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What’s my car worth ? (Part 2)

Condition, condition, condition…

Where to start on this.

The absolute first part of my inspection process here in the Northeast is a preliminary look underneath the vehicle to determine if it is structurally sound. While some surface corrosion and light surface rust may not eliminate the vehicle from the buyer’s consideration, heavy rust and rot thought the frame, sub frame, suspension, and floor pans will typically mean my fast departure as the restoration costs for the vehicle will typically be more than the restored value of the vehicle. Most buyers will not have the ambition or the budget to address these serious issues. If the vehicle seems structurally sound and the undercarriage shows characteristics that are acceptable with the described mileage and usage I then begin the exterior inspection process.


Exterior Inspection

During this 45-60 minute preliminary walk around the vehicle I try to take note of any obvious paint defects with particular attention to paint uniformity in color and shine, and consistent texture of the finish. I also look for correct panel fit and even gaps in the doors, trunk, hood, quarters, and fenders. Dents, dings and scratches are noted and photographed. If you ever notice any experience professional buyer surveying a vehicle’s finish you will notice them feeling the edges of the paint as a factory finish should feel smooth like glass and the rough almost sand paper like feel is usually a dead give away of paintwork on that particular panel.


During this process, I also pay close attention to the condition of the vehicles bright work and trim around the glass. Water etching in these areas and on the exterior glass will quickly reveal that the vehicle has spent some time outdoors In the elements. A close look at the condition of the exterior lamps, chrome and mirrors will also need to be observed and noted.


Gorgeous anodized aluminum window trim on 1980 Mercedes Benz 450SEL


Amazing bright-work and chrome on this 1 owner California owned garage queen.

Almost every vehicle ever built will have areas to examine where rust is most prevalent and these areas should be examined at this time. Looking at the vehicles stance is another consideration as suspension issues can be detected very early at this point in the inspection process. Attention to condition of wheels and tires are also noted at this time. Original wheels and even original tires can be expected on some ultra low mileage examples. A more comprehensive inspection of the paint using a paint thickness gauge or eclometer will follow to determine the originality of paint. These meters are highly calibrated and are not subjective. Even the most experienced and highly trained professional can miss the presence of an exceptional repaint, but the paint thickness gauge is a tool that cannot be fooled. Factory finishes will have very consistent thickness readings as the entire vehicle is painted at the same time in the manufacturing process.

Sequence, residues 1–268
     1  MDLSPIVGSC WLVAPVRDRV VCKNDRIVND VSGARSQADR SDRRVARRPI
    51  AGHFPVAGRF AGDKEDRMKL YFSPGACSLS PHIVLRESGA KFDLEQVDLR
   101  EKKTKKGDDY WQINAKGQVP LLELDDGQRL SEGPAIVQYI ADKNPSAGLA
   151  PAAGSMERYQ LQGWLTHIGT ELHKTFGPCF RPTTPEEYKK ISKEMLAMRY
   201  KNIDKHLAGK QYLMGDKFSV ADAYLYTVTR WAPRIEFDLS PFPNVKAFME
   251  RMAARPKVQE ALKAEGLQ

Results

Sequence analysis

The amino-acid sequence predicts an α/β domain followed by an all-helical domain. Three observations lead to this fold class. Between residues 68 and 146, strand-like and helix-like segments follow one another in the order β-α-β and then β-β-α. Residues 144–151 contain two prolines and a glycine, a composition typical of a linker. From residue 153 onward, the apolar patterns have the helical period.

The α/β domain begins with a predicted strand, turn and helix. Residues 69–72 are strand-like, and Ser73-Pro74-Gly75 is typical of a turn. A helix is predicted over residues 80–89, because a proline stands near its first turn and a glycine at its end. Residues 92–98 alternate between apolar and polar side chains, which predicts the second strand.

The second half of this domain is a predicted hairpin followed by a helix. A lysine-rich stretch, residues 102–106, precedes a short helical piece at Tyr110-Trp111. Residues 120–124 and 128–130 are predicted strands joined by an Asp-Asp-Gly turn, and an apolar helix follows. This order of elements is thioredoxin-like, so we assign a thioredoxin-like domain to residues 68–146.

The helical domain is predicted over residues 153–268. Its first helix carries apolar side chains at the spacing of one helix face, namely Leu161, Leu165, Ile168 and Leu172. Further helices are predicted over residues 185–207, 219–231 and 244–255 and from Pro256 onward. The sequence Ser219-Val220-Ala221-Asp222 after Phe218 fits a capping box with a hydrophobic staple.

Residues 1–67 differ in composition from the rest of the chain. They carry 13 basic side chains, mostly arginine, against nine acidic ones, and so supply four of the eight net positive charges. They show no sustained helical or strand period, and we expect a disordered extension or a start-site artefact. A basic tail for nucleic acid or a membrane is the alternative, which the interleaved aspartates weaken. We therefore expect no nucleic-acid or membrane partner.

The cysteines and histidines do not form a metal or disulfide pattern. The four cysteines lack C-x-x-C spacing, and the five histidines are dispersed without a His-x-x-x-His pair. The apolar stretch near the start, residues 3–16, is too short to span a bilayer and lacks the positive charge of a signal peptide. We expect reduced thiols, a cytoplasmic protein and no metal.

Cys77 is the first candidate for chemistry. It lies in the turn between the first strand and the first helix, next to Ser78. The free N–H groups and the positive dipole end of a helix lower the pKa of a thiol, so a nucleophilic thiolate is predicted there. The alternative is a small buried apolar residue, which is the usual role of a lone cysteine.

Original paint on this 36k mile 1987 BMW M6 showing 4.1 mils


Digital paint thickness gauge.

Most vehicles produced after the late 1980s will also have VIN stickers placed on each of the vehicle’s panels at the factory.  Replacement panels will have DOT stickers, or a VIN number from a different vehicle  which reveals that the panel was replaced. This is also a good time to thoroughly inspect the vehicle’s door, trunk, and engine jambs for signs of corrosion, rust and stains from a build up of debris.  The bolts that attach each panel together are typically painted at the factory after the vehicle has been fully assembled. If you notice that the paint on these bolts has been broken from removal, this should be a concern as to the possible evidence of bodywork. The preliminary inspection of the undercarriage and vehicle’s exterior is in my opinion the most important first steps in determining value on an original low mileage example and will be closely followed by an extensive mechanical inspection. If the vehicle is free of any major mechanical needs you are already well on the road to determining value. The condition of the interior, while important can be more easily reconditioned with much of the originality maintained.

Restored vehicles will not  have the claim of original paint, and will need to be more subjectively judged as you look at the quality of body work, panel fit, evenness of gaps, and the final finish of the paint.


Restored 1940 Lasalle